The competition for scholarships and fellowships grows fiercer every year. Still, there’s good news: At NJIT, students are increasingly receiving notable awards that provide opportunities to do research, study abroad (both, in certain cases) and more.
Just as the spring 2018 semester was coming to a close, a small reception was held in Eberhardt Hall to congratulate the university’s scholarship and fellowship recipients over the past year. While some have completed their assignments, others are either in the midst of or preparing for them.
Here, we meet a few of the winners.
Graduate Student, Mathematics, College of Science and Liberal Arts
Turnquist is in the second year of a five-year program researching numerical methods of solving fully nonlinear second-order elliptic partial differential equations (PDE). Such PDEs are used frequently in engineering and scientific models. The NSF GRFP, which he received in fall 2017, is providing him with three years of support for his graduate study that will lead to a doctoral STEM degree.
The Seattle native earned his undergraduate degree in physics at the University of Washington and then taught English in China for a bit before returning to the U.S., where he moved to New York and did English-to-Chinese translation for a social services organization. Research beckoned and he applied to NJIT, he says, “because I know there’s a lot of applied math going on here.
“It’s just good to be allowed to do interesting research like this,” remarked Turnquist, who is working with Assistant Professor of Mathematical Sciences Brittany Hamfeldt. “It’s fun to see it slowly piecing itself together.”
Senior, Architecture, College of Architecture and Design, Albert Dorman Honors College
Bohon leaves June 25 for Denmark and the Netherlands. She’ll spend the summer there as a Gilman scholar studying European green spaces at the Danish Institute for Study Abroad. “We’ll be focusing on how parks interact with the city fabric and how important that is to a free and better urban environment.
“I want to be an architect, but I want to focus on…taking a historical building and making it more modern,” noted Bohon, who was born and raised in Boonton, N.J., and is the daughter of two NJIT alumni. “I want to take that building and make it into something new without destroying [its] cultural, contextual fabric.”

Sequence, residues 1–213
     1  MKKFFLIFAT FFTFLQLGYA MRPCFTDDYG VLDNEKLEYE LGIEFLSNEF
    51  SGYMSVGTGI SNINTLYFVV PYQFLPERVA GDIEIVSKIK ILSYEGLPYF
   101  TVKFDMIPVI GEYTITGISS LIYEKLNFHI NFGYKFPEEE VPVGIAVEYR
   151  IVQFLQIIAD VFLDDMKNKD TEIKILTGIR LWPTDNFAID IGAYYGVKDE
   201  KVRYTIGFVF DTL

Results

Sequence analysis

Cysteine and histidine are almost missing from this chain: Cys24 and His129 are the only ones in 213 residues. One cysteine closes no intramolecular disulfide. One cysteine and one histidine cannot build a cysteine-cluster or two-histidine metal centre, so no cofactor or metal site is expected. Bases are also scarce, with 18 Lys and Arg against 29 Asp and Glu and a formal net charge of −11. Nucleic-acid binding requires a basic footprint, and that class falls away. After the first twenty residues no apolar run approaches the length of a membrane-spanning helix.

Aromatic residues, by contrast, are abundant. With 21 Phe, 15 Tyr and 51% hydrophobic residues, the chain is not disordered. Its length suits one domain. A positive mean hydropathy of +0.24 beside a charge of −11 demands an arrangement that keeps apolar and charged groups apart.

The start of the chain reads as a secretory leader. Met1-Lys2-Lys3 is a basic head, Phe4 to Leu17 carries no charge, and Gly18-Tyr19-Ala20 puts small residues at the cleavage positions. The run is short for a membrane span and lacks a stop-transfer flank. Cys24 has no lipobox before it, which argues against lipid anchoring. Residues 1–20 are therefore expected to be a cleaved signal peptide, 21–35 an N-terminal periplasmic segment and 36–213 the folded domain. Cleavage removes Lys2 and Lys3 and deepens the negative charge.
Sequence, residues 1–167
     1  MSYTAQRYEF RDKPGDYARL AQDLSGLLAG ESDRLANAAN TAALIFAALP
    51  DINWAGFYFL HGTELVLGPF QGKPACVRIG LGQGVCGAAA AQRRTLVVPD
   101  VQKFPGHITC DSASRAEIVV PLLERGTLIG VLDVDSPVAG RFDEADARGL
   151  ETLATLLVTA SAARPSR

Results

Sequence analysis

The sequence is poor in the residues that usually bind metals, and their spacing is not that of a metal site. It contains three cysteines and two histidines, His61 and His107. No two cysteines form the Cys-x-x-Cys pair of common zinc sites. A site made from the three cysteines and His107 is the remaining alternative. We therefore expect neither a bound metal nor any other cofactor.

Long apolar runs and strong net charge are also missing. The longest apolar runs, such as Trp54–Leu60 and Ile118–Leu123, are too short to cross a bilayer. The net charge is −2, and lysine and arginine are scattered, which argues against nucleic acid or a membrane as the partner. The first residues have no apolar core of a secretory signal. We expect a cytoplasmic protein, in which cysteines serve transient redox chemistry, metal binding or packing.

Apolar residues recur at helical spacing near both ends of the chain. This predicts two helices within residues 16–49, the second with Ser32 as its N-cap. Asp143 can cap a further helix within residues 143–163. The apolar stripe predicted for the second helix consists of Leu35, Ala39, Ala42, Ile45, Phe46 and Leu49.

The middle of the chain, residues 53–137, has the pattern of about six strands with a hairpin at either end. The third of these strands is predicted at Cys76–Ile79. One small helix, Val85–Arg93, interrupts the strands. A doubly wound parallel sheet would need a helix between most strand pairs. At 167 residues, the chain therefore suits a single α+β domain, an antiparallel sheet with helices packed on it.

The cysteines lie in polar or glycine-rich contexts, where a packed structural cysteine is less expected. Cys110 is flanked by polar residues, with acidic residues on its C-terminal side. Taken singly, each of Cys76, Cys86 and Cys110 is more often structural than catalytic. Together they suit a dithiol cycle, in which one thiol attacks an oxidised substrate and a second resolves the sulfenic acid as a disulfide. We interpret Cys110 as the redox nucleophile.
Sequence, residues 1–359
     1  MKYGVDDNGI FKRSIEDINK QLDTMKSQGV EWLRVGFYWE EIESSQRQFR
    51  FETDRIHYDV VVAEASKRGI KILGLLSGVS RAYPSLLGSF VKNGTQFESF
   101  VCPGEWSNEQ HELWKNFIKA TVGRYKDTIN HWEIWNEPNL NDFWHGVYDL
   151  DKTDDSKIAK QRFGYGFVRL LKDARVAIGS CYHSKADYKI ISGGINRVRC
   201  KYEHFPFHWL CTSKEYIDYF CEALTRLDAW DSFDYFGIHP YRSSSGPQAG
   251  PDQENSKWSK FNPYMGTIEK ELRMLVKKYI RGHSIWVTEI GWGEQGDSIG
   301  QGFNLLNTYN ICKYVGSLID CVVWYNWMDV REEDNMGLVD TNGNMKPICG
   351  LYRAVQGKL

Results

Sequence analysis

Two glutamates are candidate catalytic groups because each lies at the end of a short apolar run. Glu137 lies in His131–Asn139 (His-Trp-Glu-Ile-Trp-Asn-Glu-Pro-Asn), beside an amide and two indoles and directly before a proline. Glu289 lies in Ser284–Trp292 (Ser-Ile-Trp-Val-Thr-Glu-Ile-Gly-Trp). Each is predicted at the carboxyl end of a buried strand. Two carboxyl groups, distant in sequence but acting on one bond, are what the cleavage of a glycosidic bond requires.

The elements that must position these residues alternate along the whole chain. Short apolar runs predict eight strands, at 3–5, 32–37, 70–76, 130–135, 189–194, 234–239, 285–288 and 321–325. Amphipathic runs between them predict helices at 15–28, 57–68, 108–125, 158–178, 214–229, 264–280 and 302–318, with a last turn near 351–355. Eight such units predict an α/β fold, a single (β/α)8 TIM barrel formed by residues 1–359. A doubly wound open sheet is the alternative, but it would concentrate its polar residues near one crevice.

The Gilman program, established in 2001 and named for the late congressman who chaired the House Foreign Relations Committee, provides grants for American undergraduates “to pursue academic studies or internships abroad.” Bohon has already started networking with classmates to plan trips to surrounding countries and is excited to experience different cultures.
Senior, Chemical Engineering, Newark College of Engineering, Educational Opportunity Program
Benjamin A. Gilman International Scholarship
Lamptey is gearing up for a busy summer. First up for her is an internship in research and development at Promotion in Motion, a manufacturer of fruit snacks and other brand-name confections, located in her hometown of Somerset, N.J. Then in August, as a Gilman scholar, she’ll head to Denmark to study at the University of Copenhagen.
Her travel to Europe will mark her first time abroad. “The thing I’m most excited about is being in a different culture and learning how things work within a different environment,” she said. “I’ve never really gone [to] or lived in other places, so I want to explore and see what else is out there.”
As for her career aspiration, Lamptey wants to work at a renewable energy company focused on improving the efficiency of using environmentally friendly resources for energy. “In other countries the usage of renewable energies is much more advanced. While I am in Copenhagen, I plan to explore the opportunities that are there and observe their processes to see what improvements we can make in the United States."
Other recipients recognized for their scholarship and fellowship accomplishments were:
• Brendan Dente ’18, chemical engineering, Albert Dorman Honors College, who won a Fulbright grant to spend the next two years earning a master’s degree at the Technological University of Delft in the Netherlands.
• Zakaria Elwalily ’18, electrical engineering, who was awarded a SMART (Science, Mathematics and Research for Transformation) Scholarship for Service in fall 2017. SMART is given to students to pursue an undergraduate or graduate STEM degree, with employment in the Department of Defense upon degree completion.
• Dylan Renaud ’18, applied physics and mathematics, Albert Dorman Honors College, who in addition to winning a German Academic Exchange Service (DAAD) Rise fellowship in 2016 and a Barry M. Goldwater Scholarship in 2017, received an NSF GRFP honorable mention this past fall.
For more information on fellowships and scholarships, click here.